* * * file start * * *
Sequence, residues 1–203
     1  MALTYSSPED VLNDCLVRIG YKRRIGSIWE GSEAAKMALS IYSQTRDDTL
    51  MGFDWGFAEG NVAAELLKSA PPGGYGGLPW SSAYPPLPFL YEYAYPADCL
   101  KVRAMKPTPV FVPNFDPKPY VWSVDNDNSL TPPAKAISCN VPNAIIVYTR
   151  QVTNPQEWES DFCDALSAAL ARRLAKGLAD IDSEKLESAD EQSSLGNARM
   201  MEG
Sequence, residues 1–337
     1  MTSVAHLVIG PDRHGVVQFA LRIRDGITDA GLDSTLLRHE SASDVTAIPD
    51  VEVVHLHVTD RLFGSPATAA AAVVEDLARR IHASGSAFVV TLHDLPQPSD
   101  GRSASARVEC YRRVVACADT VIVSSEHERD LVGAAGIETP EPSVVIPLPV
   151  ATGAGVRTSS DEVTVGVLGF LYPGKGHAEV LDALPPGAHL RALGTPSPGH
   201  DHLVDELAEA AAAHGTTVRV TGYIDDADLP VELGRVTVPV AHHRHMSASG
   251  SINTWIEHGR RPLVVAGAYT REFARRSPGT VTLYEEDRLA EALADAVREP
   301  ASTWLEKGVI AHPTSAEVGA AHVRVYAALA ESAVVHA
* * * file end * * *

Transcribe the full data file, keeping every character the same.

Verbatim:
Sequence, residues 1–203
     1  MALTYSSPED VLNDCLVRIG YKRRIGSIWE GSEAAKMALS IYSQTRDDTL
    51  MGFDWGFAEG NVAAELLKSA PPGGYGGLPW SSAYPPLPFL YEYAYPADCL
   101  KVRAMKPTPV FVPNFDPKPY VWSVDNDNSL TPPAKAISCN VPNAIIVYTR
   151  QVTNPQEWES DFCDALSAAL ARRLAKGLAD IDSEKLESAD EQSSLGNARM
   201  MEG
Sequence, residues 1–337
     1  MTSVAHLVIG PDRHGVVQFA LRIRDGITDA GLDSTLLRHE SASDVTAIPD
    51  VEVVHLHVTD RLFGSPATAA AAVVEDLARR IHASGSAFVV TLHDLPQPSD
   101  GRSASARVEC YRRVVACADT VIVSSEHERD LVGAAGIETP EPSVVIPLPV
   151  ATGAGVRTSS DEVTVGVLGF LYPGKGHAEV LDALPPGAHL RALGTPSPGH
   201  DHLVDELAEA AAAHGTTVRV TGYIDDADLP VELGRVTVPV AHHRHMSASG
   251  SINTWIEHGR RPLVVAGAYT REFARRSPGT VTLYEEDRLA EALADAVREP
   301  ASTWLEKGVI AHPTSAEVGA AHVRVYAALA ESAVVHA